The deeper problem here is all assessment of teaching. I tend to react negatively to educational jargon or standardized forms of assessment because I think teaching is less a technique and more an art. Some faculty can teach classes in a way that I simply can’t: virtuoso performances of emotionally intense, tightly-written lectures, or calling students up on the carpet in an imperious Professor Kingsfield fashion. These are beautiful styles of teaching when they’re done well.
Some people can be shambolically Socratic, slyly pushing students to think, with every class completely different from the next, a description that fits the best teacher I’ve ever had, my senior year AP English teacher in high school, Mr. Wilton. The students from the two junior year honors English classes had to write an essay for him, which he used to winnow the class to about 20 students. The first day of class, he announced that everyone in the course would receive an “A” no matter what, and that if a student wanted to twiddle their thumbs in the back of the room or not read what he assigned, it was no skin off his nose. He only had time for the students who were going to love literature, have some passion for what he offered. That was the pedagogical equivalent of the Allied liberation of Paris from Nazi rule as far as I was concerned.
For the students who need a particular approach, finding the right teacher is heaven. A mismatch of needs is hell. But it’s up to artful teachers and self-knowing students to choreograph that dance. Administrators wielding standardized Scan-Tron evaluations just get in the way.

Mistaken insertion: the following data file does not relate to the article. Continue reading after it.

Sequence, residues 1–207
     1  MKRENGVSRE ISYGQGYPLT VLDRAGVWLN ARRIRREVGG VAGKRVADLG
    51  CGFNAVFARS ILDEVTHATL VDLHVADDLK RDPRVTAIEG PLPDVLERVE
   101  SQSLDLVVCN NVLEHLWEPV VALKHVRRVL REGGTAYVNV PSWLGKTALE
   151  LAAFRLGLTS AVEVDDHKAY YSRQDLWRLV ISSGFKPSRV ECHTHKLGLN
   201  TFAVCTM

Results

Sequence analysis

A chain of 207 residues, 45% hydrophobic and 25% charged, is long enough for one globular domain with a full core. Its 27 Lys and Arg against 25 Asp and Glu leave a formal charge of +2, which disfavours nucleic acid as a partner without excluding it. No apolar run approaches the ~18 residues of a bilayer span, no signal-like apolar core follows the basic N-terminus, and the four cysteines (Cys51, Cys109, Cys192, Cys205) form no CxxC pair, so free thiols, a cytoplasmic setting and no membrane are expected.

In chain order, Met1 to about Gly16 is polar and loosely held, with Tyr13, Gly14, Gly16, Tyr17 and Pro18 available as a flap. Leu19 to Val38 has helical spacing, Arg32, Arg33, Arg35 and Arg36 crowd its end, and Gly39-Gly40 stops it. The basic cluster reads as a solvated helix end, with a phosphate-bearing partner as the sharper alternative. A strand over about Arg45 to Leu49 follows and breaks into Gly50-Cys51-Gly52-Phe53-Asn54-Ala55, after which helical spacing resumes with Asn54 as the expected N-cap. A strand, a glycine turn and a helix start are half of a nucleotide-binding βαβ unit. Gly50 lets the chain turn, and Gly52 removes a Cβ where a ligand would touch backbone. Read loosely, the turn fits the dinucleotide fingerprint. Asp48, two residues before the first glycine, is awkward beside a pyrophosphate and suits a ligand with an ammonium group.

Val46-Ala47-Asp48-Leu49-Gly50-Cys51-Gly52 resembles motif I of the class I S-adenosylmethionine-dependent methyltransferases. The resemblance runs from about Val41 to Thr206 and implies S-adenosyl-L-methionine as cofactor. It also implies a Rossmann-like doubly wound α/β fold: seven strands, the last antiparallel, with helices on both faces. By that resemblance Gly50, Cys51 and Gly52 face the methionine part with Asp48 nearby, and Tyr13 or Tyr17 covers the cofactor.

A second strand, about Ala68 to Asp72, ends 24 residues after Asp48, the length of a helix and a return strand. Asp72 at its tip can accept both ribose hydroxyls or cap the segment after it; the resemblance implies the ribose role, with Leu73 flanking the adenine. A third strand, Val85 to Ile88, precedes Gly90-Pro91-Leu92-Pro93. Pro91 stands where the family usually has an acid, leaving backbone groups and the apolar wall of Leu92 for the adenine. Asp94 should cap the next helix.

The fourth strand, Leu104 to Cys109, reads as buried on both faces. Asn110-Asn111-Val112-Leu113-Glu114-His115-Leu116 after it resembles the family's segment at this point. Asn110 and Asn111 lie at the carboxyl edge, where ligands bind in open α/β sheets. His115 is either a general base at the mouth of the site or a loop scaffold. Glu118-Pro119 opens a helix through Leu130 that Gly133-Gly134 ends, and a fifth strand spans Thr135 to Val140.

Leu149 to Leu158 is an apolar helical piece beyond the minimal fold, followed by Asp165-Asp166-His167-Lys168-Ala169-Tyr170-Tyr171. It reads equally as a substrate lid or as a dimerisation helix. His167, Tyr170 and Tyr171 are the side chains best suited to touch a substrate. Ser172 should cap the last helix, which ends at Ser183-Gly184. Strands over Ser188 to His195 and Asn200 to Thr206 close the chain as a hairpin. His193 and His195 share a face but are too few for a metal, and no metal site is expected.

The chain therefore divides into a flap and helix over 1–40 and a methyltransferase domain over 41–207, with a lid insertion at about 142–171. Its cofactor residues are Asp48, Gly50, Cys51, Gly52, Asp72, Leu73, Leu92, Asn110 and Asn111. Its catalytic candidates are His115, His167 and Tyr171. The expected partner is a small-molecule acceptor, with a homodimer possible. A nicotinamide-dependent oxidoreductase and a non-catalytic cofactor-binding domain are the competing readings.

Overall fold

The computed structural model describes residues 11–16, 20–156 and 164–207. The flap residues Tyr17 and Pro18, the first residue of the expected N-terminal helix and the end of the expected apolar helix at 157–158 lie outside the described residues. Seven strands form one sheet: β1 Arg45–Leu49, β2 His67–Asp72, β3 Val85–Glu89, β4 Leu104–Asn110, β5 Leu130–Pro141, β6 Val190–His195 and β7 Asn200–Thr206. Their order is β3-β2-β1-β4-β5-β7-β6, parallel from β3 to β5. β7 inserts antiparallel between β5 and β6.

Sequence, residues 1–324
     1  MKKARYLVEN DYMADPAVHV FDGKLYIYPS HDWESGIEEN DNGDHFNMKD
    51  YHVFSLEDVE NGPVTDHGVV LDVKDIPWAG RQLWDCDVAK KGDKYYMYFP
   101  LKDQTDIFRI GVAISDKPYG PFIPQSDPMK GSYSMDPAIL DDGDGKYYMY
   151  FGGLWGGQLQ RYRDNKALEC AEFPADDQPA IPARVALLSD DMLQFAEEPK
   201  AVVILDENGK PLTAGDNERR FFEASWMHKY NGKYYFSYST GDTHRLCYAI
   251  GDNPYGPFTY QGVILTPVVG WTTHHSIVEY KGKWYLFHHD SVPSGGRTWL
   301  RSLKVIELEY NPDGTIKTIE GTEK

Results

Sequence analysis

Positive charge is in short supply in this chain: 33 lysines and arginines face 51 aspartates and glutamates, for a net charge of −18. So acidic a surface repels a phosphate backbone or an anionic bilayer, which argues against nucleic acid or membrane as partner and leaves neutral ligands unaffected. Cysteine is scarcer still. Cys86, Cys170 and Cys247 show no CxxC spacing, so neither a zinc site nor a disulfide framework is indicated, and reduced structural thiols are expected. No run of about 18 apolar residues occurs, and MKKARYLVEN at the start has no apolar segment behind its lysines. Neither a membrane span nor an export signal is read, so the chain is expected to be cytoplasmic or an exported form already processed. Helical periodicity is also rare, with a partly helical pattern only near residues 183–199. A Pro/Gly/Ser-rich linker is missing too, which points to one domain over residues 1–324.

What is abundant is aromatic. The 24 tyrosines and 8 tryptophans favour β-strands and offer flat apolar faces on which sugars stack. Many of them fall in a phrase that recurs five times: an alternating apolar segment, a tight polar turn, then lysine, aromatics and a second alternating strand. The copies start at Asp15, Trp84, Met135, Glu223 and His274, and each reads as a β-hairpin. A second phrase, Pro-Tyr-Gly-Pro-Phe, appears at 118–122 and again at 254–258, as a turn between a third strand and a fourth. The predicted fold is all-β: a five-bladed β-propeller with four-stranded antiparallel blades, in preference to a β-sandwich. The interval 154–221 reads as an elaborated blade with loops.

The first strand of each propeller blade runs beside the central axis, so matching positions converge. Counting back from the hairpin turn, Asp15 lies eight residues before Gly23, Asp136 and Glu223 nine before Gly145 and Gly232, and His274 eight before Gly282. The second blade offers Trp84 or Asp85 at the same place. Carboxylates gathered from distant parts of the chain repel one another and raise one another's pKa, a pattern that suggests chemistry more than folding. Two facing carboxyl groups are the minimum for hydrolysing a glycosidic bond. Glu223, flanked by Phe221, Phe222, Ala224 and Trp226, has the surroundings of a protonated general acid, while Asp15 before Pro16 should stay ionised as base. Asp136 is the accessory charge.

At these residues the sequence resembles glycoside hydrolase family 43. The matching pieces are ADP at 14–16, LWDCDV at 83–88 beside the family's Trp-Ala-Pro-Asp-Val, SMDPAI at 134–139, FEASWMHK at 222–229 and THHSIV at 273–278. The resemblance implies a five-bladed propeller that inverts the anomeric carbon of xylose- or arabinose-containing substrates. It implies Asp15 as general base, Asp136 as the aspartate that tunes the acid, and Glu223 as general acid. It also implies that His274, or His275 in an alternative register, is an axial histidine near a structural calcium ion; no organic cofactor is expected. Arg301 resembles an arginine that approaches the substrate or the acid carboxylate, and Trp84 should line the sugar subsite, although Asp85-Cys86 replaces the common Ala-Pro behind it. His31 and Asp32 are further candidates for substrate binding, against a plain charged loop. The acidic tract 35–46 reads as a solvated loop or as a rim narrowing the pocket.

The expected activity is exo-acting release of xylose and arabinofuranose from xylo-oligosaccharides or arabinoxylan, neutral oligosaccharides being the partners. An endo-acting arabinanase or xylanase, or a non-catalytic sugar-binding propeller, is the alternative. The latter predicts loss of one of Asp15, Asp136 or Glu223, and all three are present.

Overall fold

The real problem is how to identify teaching which is just lacking in craft or art. Teaching is like popular culture: even the worst of it attracts its own devotees. I can remember one professor I had as an undergraduate who I thought was simply awful by any standard: boring, plodding, soul-deadening, pedantic. My opinion appeared to be broadly shared by other students in the class, based on numerous conversations. But then I found out a friend of mine thought he was both a good teacher and a sweet person. Somehow he’d catalyzed her interests in English literature. I tend to think that this was more a compliment to her own imagination than any credit to him. Academia’s critics tend to assume that bad teaching is everywhere in higher education. I think it’s not exactly rare, but it can be awfully hard to put your finger on it once you get beyond the fatal sins of failing to show up to teach, over-the-top abusiveness, or complete inability to explain any concepts.
If someone knows an evaluation system that’s sensitive to nuance, open to teaching as an art, and yet helps to identify bad teaching in a fairly reliable way, I’d love to hear about it. I doubt such a beast can exist. If the choice is between heavy-handed standardization and nothing, I’d choose nothing.